History

The safari suit pub crawls are a longstanding annual tradition. Read the About page for more information about this website.

How did the safari suit pub crawls start?

In the mid 1980s a group of friends liked to go the Seacliff pub and sometimes had trouble getting entry into the pub past the bouncers because of the clothes they were wearing. Mmmm, how to solve this problem? Wear safari suits of course. How can a bouncer turn away a bunch of people smartly dressed in the epitome of smart casual dress. This was the beginning and it would only get bigger.

Bob Pitt organised the early safari cruises on Popeye to the zoo and there was an outing to a Bob Downe show during an Adelaide Fringe from these safari suit loving mates with them all wearing safari suits, and of course we know that Bob Downe loves a good safari suit himself.

In 1990 there was a mini safari pub crawl but it was in 1992 that the safari pub crawls officially started, organised by Gus Clutterbuck and Grant Senior (Winks). In these early days they started at the St Vincents Hotel at Glenelg in the front bar. Then everyone caught a tram into the city to carry on in various pubs there.

These continued annually and in the Adelaide Fringe festivals in 1998 and 2000 there were art exhibition openings with the safari suit theme at Tapas (which was in the East End then) and the Greater Union mall on Hindley Street respectively.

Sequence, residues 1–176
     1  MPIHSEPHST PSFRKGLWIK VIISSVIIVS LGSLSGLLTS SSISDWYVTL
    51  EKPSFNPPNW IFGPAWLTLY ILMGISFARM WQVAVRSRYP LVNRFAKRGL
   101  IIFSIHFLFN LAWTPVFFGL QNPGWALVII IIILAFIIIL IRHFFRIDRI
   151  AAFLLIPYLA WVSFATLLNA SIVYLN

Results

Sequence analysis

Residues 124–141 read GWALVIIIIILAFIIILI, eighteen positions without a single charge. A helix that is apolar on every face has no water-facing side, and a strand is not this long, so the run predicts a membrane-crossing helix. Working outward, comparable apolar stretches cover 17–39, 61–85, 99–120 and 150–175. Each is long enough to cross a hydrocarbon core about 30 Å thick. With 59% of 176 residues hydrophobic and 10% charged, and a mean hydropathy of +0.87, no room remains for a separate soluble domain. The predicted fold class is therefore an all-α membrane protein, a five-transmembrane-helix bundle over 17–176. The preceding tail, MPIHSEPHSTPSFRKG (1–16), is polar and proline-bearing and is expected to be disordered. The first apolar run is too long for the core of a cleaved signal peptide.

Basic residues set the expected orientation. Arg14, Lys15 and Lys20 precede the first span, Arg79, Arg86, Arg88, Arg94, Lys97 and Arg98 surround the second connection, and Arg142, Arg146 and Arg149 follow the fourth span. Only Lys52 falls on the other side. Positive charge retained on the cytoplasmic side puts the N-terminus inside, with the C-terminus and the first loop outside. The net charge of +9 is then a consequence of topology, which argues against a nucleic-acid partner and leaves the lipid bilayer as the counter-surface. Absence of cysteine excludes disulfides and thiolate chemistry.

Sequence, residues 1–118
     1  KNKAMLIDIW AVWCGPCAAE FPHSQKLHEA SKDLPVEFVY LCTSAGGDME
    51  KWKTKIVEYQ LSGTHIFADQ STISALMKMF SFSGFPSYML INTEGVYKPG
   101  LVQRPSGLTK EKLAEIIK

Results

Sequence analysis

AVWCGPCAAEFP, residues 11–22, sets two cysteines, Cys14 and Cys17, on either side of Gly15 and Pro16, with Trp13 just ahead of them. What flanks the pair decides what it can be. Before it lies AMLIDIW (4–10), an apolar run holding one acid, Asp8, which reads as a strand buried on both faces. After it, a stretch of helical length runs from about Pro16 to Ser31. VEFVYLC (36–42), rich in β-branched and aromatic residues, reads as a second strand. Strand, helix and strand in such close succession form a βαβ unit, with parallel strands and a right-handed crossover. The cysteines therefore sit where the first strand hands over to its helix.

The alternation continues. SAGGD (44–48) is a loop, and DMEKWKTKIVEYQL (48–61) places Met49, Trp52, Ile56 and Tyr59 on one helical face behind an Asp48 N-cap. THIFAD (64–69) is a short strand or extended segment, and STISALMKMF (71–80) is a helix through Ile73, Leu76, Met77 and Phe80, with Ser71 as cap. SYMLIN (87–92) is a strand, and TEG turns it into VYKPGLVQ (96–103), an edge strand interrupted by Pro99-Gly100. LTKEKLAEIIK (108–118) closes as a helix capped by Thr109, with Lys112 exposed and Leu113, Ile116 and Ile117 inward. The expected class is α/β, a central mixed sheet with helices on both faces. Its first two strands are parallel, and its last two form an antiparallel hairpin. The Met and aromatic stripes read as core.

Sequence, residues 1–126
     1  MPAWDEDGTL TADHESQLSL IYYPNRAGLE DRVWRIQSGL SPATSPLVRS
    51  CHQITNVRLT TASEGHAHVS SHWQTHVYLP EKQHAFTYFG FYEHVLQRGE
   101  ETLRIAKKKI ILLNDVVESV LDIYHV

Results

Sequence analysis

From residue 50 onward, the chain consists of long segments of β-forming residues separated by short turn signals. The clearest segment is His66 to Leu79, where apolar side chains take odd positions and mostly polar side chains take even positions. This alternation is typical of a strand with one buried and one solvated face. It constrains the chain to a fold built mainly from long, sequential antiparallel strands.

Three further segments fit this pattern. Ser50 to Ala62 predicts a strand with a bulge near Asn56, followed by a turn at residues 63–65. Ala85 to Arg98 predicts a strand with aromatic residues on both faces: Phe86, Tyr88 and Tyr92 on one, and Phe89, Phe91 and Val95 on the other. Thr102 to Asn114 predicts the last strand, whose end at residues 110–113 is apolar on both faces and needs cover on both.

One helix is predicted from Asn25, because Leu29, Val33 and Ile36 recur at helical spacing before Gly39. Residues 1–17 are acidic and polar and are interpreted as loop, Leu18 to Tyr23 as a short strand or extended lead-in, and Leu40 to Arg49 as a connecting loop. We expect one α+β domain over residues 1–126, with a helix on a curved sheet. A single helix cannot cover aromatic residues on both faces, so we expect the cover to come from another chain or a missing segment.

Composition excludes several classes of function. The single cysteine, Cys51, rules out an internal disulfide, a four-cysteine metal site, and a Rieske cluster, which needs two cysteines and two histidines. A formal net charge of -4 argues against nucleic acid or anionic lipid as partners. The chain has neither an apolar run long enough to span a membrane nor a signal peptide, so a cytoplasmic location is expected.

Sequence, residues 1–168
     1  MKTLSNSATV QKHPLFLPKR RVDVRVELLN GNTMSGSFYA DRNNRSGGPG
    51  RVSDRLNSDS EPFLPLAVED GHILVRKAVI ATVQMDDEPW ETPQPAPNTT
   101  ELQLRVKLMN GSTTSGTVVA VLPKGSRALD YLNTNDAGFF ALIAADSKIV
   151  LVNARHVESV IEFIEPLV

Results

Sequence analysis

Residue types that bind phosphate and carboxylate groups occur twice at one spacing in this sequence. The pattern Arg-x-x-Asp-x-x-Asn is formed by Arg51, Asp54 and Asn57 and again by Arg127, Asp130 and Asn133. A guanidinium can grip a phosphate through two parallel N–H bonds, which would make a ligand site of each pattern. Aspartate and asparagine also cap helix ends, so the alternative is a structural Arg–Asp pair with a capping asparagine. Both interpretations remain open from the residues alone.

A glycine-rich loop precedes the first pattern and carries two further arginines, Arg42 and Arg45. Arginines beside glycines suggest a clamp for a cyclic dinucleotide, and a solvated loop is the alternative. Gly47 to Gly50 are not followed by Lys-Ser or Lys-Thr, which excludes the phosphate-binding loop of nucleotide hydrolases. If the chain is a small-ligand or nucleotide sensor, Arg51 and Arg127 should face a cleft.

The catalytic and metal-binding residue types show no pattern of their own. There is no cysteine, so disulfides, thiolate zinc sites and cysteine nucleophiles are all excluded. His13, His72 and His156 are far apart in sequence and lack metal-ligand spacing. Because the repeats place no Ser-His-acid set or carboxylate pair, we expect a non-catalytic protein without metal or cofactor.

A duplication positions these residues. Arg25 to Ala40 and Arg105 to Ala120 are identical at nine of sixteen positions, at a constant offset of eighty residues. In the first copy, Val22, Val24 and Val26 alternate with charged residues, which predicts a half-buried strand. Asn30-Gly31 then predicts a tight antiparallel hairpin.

In 2002 the safari pub crawl got bigger and better beginning with a sunset Popeye cruise, a tradition which continues now with 70 people fitting on Popeye and more people meeting at the pre-arranged pubs afterwards.

The fun thing about the safari pub crawls is the dressing up and the competition for receiving awards. Visit the awards pages to find out what awards there are.

Now there’s more people than Gus and Winks organising as the Hall of Fame members get to help out with organising the yearly event, the prizes for the various awards, and helping to choose the award winners.

There are safari traditions also.